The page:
Hey Diane Ravitch, School Vouchers Do Work



OLYMPUS DIGITAL CAMERA         I read people I disagree with.  I believe it is healthy to do so.  It sharpens you and opens you up to new ideas.  Diane Ravitch is one of those people I read.  She is a education historian and Research Professor of Education at New York University.  She and I do share a similar concern that the Common Core State Standards have not been field tested.  We don’t see eye to eye on school choice however.  She is the defender of public education and public school teachers and is hyper negative on school choice measures in particular when it is dealing with religious schools though she is an equal-opportunity basher of charter schools as well.

Today she wrote about how the Koch Brothers (part of the right-wing destroyer of public education conspiracy) didn’t believe that Pennsylvania Governor Tom Corbett pushed the voucher bill hard enough.  She then wrote this:

There is no reason for them to pay attention to the unimpressive results of twenty-one years of vouchers in Milwaukee, where kids in voucher schools got no better test scores than their peers in public schools. And no reason to pay attention to vouchers in D.C., where there were no test scores gains in either math or reading.

What matters most is to break the public education system.

A big hat-tip to my friend and colleague Jane Robbins who sent a couple links along after I sent an email rant.  Ravitch is throwing out there – vouchers don’t work!  She didn’t share any links or study that shows this.  She just threw that statement out there as if it were fact.  In fact vouchers do work and I’m sure the Koch Brothers are paying attention and because they know this information they are funding and pushing for vouchers.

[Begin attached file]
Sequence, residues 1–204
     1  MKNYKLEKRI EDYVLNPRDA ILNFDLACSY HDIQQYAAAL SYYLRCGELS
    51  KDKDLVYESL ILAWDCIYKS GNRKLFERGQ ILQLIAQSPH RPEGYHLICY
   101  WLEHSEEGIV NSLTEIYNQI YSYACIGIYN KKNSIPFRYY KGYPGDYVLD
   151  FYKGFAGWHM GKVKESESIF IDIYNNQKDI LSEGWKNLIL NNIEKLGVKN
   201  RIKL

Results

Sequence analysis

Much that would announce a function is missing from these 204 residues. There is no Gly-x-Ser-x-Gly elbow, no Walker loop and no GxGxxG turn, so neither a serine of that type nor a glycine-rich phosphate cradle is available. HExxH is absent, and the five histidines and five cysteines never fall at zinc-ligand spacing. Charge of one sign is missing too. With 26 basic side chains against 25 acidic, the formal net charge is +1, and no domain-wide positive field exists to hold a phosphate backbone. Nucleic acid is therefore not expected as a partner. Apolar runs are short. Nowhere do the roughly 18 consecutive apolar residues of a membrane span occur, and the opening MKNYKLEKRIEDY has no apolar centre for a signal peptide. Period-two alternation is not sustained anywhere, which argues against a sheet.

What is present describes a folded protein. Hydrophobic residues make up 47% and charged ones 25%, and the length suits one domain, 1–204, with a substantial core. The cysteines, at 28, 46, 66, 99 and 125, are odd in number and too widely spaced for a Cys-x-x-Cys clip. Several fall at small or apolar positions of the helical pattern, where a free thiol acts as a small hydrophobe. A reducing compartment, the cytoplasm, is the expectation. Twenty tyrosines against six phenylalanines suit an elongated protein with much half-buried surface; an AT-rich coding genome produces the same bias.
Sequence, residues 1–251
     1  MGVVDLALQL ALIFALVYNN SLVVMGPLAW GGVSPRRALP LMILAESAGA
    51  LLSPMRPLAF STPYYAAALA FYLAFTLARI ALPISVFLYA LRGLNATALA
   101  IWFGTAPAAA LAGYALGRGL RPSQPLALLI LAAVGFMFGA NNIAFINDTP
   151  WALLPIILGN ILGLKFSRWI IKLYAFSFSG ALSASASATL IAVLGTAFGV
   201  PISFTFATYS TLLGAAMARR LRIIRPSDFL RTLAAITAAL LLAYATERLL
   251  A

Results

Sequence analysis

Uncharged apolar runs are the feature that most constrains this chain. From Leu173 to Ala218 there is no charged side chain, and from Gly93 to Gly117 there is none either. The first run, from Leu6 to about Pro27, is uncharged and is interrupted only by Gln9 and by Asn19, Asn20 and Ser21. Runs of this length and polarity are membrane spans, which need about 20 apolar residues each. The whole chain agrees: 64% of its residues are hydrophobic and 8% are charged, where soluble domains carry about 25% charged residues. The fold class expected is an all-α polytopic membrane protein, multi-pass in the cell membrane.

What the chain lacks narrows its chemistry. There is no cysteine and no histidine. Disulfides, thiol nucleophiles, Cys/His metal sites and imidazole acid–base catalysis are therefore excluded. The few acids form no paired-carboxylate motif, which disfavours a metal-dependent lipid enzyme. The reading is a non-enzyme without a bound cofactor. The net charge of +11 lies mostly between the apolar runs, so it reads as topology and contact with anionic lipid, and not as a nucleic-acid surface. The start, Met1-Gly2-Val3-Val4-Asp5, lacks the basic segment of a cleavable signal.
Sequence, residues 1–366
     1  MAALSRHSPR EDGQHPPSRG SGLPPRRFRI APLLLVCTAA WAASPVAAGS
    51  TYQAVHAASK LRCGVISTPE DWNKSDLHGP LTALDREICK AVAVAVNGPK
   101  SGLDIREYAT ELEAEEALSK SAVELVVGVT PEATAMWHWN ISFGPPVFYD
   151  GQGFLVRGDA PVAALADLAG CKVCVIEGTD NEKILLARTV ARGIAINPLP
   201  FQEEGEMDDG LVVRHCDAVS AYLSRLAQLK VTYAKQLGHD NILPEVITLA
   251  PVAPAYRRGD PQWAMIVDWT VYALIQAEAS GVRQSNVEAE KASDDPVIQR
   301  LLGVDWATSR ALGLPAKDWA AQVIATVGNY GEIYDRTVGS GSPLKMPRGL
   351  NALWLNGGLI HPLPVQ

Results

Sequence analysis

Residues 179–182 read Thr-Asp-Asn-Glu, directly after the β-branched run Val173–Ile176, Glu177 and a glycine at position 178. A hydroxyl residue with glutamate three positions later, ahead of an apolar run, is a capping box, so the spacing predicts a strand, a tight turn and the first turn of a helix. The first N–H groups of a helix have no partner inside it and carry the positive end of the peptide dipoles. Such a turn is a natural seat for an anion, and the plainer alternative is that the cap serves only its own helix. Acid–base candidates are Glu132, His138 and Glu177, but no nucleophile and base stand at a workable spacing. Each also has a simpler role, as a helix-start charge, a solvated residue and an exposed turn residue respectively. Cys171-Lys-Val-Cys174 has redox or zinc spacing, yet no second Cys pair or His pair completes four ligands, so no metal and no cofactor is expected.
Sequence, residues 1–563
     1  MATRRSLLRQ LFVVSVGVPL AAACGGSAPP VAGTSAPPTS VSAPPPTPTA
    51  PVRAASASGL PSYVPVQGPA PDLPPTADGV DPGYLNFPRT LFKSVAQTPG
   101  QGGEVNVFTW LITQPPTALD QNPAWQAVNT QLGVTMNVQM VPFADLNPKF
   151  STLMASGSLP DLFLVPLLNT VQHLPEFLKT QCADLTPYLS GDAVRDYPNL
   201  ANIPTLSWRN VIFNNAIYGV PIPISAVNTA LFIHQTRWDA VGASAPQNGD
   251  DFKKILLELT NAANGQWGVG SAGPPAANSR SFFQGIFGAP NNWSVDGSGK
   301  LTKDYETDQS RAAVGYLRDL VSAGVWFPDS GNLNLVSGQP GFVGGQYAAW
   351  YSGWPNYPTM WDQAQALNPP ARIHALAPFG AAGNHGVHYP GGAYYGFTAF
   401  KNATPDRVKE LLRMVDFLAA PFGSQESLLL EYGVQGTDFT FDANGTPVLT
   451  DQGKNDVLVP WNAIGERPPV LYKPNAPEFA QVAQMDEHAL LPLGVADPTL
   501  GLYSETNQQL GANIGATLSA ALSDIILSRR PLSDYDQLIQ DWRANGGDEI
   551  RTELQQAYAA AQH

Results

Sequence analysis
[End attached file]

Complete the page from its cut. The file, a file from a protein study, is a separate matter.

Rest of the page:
So thank you Jane for this information.  First Milwaukee – the American Federation for Children back in February pointed to a study that shows not only do voucher students in Milwaukee have a better graduation rate than their public school counterparts, they also have better performance.

Among the new findings are that students enrolled in the Milwaukee Parental Choice Program (MPCP)—the nation’s oldest private school choice program currently in operation—not only graduate from high school on time by seven percentage points more than students enrolled in Milwaukee Public Schools (MPS), but they are also more likely to enroll in a four-year college and persist in college. Tracking of both MPCP and MPS students over a four-year period reveals significantly higher achievement growth in reading for MPCP students, as well as higher levels of science achievement in upper grades.

The study, released today by the School Choice Demonstration Project at the University of Arkansas, comes a year after data showed higher graduation rates for MPCP students. The new study is the most comprehensive look yet at the MPCP, which was expanded and strengthened during last year’s legislative session.

Patrick J. Wolf, the evaluation’s principal investigator, wrote in the study summary that the results are the “last word” on the nation’s first voucher program.

”Although we have examined virtually every possible way that school choice could systematically affect people, schools, and neighborhoods in Milwaukee, we have found no evidence of any harmful effects of choice,” Wolf wrote. He also noted that “participation in the MPCP or enrollment in an independent public charter school has produced better student outcomes than those experienced by similar students in MPS.”

The evaluation also revealed that that previous estimates of the number of students with special needs enrolled in the MPCP were significantly underreported by the Department of Public Instruction. Between 7.5 and 14.6 percent of students in the voucher program have a disability—at least four times the number reported by the state.